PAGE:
Is it really industrial relations carnage out there?

From Crikey about the Fair Work Act (FWA) and ABS’ release yesterday of data collating the number of strike days lost:

The FWA was bad for industrial disputes, we were told, because it would give unions an unprecedented right to interfere with matters that were rightly “management prerogative”. “The fair-work laws extended the right to strike because they extended the right of unions to take strike action over contracting and outsourcing disputes,” complained Peter Anderson of the Australian Chamber of Commerce and Industry in 2011.

…It had “unleashed an adversarial culture which has resulted in a rising number of disputes and unreasonable claims by some unions,” according to the Business Council’s Jennifer Westacott in December 2011.

…Australian Industry Group industrial relations manager Stephen Smith in March 2012 said the level of industrial disputation “hasn’t been this bad for quite a few years now, not since 2007,”…

…Then there was Australian Industry Group chief executive Innes Willox, cited in December 2012 telling The Australianthat, in the journalist’s words, “the further increase in working days lost highlighted the need for the government to change the laws to more tightly define the issues that can be the subject of bargaining claims”…

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Last year was a real bloodbath, huh?

10 Responses to “ “Is it really industrial relations carnage out there?”

  1. 3d1k says:

    The quotes selected were a couple of years old! Must be a quiet day over in Crikeyland. Whilst days lost to strike action have decreased since the early 1990s some unions have exploited other measures to hamper productivity. Experts in the area being MUA and CFMEU.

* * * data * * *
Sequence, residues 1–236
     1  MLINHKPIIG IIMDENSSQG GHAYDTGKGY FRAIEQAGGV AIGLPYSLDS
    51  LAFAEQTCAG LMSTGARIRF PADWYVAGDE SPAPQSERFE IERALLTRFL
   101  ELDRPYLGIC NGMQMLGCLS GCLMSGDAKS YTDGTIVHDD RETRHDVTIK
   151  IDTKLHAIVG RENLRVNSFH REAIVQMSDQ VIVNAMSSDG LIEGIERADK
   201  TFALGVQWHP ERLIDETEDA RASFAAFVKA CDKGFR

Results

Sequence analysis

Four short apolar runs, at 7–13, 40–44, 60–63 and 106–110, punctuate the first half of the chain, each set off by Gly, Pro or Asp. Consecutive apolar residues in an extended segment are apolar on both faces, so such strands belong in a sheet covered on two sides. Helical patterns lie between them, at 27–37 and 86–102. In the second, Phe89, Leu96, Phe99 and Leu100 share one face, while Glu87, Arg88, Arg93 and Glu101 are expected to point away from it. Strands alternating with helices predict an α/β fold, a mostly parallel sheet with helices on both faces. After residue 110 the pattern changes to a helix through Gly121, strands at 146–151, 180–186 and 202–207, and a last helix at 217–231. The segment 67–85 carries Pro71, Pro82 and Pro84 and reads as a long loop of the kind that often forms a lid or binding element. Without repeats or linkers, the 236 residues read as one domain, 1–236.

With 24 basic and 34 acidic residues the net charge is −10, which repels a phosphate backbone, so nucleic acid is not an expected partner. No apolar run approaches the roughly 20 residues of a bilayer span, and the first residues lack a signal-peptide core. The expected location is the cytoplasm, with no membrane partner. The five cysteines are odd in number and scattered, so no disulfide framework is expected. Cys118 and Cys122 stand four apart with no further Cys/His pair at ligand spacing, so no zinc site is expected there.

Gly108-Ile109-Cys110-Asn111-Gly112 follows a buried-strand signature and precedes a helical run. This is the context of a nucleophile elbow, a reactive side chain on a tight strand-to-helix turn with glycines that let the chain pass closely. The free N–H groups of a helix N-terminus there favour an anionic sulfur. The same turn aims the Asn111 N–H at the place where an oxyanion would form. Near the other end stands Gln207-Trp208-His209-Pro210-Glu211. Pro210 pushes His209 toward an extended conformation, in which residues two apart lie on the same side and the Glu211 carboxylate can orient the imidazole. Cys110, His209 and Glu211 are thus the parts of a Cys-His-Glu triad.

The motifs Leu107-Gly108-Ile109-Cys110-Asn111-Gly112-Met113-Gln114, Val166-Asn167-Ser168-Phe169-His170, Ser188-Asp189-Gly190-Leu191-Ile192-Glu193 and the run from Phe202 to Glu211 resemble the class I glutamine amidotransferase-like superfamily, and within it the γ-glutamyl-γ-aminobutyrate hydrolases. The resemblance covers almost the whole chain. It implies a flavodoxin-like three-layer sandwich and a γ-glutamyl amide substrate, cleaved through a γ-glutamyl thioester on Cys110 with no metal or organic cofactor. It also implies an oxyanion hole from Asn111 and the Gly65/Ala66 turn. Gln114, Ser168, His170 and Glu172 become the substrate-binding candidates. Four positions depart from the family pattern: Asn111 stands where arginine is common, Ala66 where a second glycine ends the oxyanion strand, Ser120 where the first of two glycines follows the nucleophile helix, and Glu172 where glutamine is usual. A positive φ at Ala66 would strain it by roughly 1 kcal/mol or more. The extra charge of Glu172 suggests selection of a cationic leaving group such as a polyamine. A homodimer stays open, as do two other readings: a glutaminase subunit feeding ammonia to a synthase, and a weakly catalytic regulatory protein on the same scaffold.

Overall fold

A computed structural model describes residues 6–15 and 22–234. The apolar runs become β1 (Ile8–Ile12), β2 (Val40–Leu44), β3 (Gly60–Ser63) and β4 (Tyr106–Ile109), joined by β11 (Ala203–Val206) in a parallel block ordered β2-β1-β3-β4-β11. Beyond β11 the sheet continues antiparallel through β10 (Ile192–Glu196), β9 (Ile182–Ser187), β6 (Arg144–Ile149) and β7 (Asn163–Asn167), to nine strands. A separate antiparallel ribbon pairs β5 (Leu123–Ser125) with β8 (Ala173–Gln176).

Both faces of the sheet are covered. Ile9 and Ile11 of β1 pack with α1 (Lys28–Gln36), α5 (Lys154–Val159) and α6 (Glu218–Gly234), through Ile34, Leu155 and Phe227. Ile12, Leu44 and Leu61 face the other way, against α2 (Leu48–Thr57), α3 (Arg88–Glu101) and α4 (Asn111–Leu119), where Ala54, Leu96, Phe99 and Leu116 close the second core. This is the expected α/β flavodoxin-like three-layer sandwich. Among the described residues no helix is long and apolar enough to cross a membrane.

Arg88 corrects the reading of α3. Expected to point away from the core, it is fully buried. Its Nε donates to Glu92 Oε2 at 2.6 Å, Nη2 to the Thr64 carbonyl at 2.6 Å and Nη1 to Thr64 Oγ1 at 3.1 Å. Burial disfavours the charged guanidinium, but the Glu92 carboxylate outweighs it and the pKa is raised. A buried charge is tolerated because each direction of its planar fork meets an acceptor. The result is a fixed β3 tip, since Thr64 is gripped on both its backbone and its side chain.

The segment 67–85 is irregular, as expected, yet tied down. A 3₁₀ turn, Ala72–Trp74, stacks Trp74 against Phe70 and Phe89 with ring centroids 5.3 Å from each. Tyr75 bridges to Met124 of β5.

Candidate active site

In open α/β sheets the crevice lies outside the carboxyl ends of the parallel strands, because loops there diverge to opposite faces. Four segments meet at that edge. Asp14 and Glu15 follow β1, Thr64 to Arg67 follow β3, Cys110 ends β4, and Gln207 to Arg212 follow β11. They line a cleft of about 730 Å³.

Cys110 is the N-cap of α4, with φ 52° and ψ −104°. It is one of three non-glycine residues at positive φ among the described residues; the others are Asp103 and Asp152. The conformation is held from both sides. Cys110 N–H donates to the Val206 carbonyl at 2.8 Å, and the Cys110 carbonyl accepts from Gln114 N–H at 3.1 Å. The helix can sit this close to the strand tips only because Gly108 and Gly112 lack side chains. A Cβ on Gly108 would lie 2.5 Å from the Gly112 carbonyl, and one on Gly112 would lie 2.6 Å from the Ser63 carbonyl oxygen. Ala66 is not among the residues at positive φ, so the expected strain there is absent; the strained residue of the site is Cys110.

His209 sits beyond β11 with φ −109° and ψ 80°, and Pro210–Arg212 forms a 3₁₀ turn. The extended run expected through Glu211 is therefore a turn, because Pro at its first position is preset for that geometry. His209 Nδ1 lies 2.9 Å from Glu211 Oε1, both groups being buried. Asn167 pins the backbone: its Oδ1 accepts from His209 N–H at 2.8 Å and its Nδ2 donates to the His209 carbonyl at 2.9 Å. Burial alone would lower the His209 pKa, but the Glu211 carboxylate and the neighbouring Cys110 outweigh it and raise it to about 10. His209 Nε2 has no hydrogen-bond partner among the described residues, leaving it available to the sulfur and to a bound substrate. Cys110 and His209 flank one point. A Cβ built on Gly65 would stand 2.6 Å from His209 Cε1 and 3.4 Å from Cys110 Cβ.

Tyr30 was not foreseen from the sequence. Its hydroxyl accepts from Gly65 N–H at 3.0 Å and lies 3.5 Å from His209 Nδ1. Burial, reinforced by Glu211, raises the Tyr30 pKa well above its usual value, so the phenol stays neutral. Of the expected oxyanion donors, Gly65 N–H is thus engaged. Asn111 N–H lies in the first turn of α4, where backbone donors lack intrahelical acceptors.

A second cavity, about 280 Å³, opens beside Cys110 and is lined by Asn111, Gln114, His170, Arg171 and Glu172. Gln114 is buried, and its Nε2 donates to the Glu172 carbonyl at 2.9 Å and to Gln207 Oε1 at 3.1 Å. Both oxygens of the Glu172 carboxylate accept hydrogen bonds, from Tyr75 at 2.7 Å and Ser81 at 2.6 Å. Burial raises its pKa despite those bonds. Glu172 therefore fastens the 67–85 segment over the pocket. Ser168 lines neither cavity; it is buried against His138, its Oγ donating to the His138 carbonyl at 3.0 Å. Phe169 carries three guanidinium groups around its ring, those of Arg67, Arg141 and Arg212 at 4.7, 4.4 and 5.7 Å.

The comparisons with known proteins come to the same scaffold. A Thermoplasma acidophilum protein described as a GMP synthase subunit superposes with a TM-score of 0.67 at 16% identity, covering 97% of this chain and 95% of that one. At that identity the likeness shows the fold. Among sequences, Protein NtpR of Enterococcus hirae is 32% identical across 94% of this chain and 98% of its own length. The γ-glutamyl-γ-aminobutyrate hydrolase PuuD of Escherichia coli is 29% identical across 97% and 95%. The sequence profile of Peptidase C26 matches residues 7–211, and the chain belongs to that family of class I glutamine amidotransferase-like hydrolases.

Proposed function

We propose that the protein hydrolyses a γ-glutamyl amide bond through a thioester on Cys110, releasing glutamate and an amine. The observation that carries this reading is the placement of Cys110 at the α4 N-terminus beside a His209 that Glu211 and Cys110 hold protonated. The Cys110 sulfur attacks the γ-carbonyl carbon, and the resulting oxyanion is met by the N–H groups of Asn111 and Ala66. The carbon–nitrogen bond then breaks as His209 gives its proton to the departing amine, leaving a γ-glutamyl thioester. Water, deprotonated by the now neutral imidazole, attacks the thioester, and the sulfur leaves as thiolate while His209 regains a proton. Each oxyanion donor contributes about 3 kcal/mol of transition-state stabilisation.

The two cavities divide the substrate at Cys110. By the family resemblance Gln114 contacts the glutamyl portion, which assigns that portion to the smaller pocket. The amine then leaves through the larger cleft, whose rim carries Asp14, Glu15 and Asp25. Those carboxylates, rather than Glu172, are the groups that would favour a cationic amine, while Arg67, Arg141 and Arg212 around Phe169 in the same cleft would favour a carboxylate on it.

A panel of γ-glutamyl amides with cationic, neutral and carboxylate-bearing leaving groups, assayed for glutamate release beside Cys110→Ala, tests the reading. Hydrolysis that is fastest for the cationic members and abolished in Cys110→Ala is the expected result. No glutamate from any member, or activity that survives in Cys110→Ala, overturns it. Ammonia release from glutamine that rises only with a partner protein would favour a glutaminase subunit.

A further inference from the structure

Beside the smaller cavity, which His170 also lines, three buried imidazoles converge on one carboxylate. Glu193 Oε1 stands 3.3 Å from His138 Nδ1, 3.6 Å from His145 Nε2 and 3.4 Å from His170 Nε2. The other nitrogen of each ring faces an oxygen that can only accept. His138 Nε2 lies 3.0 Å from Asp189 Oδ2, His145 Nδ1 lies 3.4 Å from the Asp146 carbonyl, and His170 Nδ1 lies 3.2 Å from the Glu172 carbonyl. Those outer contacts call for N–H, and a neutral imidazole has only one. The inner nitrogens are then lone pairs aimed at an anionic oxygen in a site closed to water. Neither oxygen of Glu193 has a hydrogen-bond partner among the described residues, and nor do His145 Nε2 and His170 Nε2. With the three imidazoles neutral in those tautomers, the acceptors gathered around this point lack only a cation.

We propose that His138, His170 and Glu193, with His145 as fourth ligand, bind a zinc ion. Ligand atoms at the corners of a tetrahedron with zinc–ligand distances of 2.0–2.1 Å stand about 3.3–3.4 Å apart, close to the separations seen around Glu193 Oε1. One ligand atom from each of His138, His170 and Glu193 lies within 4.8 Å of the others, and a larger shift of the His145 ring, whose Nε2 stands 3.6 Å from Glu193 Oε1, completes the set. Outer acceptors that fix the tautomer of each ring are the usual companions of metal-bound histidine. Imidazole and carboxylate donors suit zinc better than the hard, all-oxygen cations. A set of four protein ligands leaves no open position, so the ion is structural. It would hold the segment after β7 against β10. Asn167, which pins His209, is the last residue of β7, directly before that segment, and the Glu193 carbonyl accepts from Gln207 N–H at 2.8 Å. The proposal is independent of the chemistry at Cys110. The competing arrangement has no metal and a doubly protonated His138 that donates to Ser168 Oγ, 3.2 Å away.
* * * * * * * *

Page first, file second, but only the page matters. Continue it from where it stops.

• Gunnamatta says:

      What utter Bull

      Days lost in Maritime and Construction since the introduction of the FWA? trending up or down?

      I hope you arent one of these tossers banging on about Unions who has never met one in a workplace, 3d1k…

      Sure, unions can be a pain in the ring, and often do gravitate to the squeakiest in any workplace, in fact I have had a weird moment withone in the last couple of days. But you simply sit them down and chat with them.

      Basically the push on Unions is to hold the line and hope they continue to be ringed in for as long as possible……thats behind the Torynuff desire to deindustrialize the place, and focus on services gigs anchored to the bottom of the global food chain.

      Should enable all those babyboomers (the most heavily unionised and loudest squealing section of many workplaces) to drop off the working shelf without needing to be replaced, and without costing too much in the interim.

      • 3d1k says:

        Gunna you obviously have zero experience.

      • 3d1k says:

        Gunna you obviously have zero recent experience.

      • Gunnamatta says:

        Well you arent laying much of a claim to be the walking talking IR expert. Does your astroturfing job description have some additional duties in the IR field?

        And just for the record I would get asked IR advice on almost any given day

  2. spleenblatt says:

    Just another one of the phoney battle fronts being opened up to wage the neoliberal culture wars.

  3. Mining Bogan says:

    The failure by Our Tony and his big business unions to stir the workers into some sort of outrage must be unsettling for him.

    It’s blindingly obvious that the agenda is to cause chaos so that the foot can come down hard. What was Greenspan’s quote? Something along the lines of an unsettled workforce being good for corporations?

    Confrontation doesn’t work. The sooner that is learnt the better.

  4. swizzy says:

    It’s because of lack of thought in the Fair Work Act to mediate EBA re-negotations.

    After an EBA expires, if one side is disadvantaged, the re-negotiation process becomes a stalemate.

    The way things are going with the Fair Work Act, everyone will need to join unions, to get access to the Lawyers required to obtain an equitable EBA.

    This is the overhead that “Workchoices” is creating.

    Fortunately we don’t have a shortage of Law Grad’s.